Anca Trandafirescu – Edible Complex
Culminating in the Age of Enlightenment, plant collecting became a means toward a greater understanding of the natural world. Botanists created the concept of species and developed elaborate systems of classification to explain their characteristics and inter-relationships. But as the vastness of studied flora expanded, so too the fervor to collect it. By the early 19th century “botanomania” swept the world and plant collecting became a popular hobby. Today the passion to know the world through the practice of collecting plant life continues at a frenzied pace.
An herbarium is a collection of pant specimen samples, labeled with their associated data, and preserved for scientific study. Important collections can contain millions of specimens gathered from all regions of the world. While vast, informative, and even beautiful, these collections have been solely the realm of the specialist. In the past decade however, archives around the world have been opening their doors in an effort to reconceive their collections for a broader audience.
The University’s Herbarium and the Matthaei Botanical Gardens have formed a hybrid institution to house portions of the archive alongside living samples. To interest and entice a non-specialized public, the collection will focus on edible plants. Students are asked to select one plant species around which an impassioned collection and consumption can materialize an architectural project. Situated between campus and town the Edible Complex seeks to access a wide and widely interested audience.
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Chandler Caserta – “the Mossery”
Intended as an archive of Moss, The Mossery is also designed to accentuate the physical characteristics of moss through its form. The large central atrium displays moss’s ability to grow vertically, while the more compressed lounges showcase the plant’s ability to grow in dark environments. Designed to inhabit a slender site in downtown Ann Arbor, Michigan, The Mossery includes angled shafts as well as the central atrium to allow light to penetrate the darker and more dense portions of the archive. The grade level entrance to The Mossery lacks any access to light other than an opening to the atrium above the stairs which allows light to attract visitors up into the structure.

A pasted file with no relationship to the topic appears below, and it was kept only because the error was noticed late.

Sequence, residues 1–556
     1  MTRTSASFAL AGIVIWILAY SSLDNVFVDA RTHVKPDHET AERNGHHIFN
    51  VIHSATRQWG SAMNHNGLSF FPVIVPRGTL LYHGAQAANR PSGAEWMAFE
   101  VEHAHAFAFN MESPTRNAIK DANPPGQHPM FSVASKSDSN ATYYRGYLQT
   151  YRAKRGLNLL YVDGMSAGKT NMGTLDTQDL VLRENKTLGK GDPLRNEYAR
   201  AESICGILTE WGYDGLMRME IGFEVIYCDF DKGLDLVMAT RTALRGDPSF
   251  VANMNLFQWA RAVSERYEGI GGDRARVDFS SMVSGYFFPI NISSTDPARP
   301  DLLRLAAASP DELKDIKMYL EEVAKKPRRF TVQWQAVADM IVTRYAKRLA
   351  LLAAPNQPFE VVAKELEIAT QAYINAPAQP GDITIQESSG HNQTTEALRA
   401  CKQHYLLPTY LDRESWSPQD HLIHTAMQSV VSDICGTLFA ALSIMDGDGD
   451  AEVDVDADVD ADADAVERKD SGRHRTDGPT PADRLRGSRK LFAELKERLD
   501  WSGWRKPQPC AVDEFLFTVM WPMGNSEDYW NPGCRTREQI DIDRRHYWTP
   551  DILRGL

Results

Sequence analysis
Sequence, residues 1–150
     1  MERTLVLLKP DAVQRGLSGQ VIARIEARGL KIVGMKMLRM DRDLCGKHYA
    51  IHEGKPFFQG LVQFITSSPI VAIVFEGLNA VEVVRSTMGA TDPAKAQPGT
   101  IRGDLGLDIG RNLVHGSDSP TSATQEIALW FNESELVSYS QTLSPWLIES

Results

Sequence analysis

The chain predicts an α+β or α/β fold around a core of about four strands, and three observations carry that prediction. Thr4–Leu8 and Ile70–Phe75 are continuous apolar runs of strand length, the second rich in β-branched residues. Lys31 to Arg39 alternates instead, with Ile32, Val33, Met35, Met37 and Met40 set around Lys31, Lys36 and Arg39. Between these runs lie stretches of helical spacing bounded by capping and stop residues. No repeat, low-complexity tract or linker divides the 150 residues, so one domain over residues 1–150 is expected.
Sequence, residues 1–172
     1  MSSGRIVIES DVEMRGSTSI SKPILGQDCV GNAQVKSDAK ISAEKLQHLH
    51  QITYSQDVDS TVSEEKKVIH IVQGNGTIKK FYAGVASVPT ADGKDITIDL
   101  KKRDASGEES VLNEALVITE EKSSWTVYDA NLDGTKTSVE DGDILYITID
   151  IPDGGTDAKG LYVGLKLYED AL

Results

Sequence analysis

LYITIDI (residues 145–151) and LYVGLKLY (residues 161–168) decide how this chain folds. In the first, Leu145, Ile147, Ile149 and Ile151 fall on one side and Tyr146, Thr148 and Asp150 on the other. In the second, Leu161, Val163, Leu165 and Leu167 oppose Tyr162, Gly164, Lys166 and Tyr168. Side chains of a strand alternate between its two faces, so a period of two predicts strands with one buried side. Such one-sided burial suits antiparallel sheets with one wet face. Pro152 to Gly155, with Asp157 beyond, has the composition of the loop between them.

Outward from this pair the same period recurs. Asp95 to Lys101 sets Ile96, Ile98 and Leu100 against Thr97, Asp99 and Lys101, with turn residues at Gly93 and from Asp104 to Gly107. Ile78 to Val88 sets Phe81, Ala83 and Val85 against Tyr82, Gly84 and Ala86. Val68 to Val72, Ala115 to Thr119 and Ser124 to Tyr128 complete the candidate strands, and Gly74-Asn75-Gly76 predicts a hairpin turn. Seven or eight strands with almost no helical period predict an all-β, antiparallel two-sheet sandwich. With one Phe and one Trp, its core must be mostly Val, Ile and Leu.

Daniel Grafton – “MushROOM”
The MushROOM Fungus Archive serves as both an educational facility for visitors to learn about the nutritional and environmental benefits of mushrooms, and as a research facility to study fungi species and explore new uses for them. Three types of spaces exist: mushroom growing environments, visitor educational areas, and private research laboratories. Since these laboratories require direct access to the living mushrooms without interfering with visitor experience, the commercial farming technique of growing mushrooms on shelves is expanded to create the wall that separates the two spaces — accessible from either side. The laboratories emphasize the solidity, and the mushroom environments become the voids that weave in between the laboratories guided by floors and ceilings of tectonic planes.
The University Herbarium harnesses the ability of the invasive and fast growing vine kudzu to make “architecture.” Public and private spaces are woven together with varying degrees of integration and visual reciprocity depending on the growth of kudzu and position in space. Private zones like archival spaces, test kitchen, and bathrooms occupy a conceptual poche accessed where the surfaces “peel away” to create voids. The stereotomic nature of the masses is contrasted by a lightweight trellis system for the kudzu that morphs into support structures for glass enclosures, railings, and floating stair supports. As the kudzu grows it fills in the trellis to create anoccupiable organic mass that is experienced from the singular leaf to the collective mass, while simultaneously changing the degree of spatial division.
In Bremermann’s art, white sits heavy upon a spindly black figure. In the “Almond Archive,” the white becomes the “buckets,” containers that lift almond trees – their soil and roots – above the ground, and make the heavy poché through which visitors move. Because almonds require lots of warmth and water to thrive, the ceiling has skylights which open to allow rain to fall within the buckets. To collect and harvest almonds, the trees are shaken and almonds are left on the ground to dry. Elevated grates allow the almonds to dry safely under the human traffic. The Almond Archive contains spaces for visitors and archivists; these include the bucket-groves of almond trees, baking, selling, eating, storage, studying, and exhibition.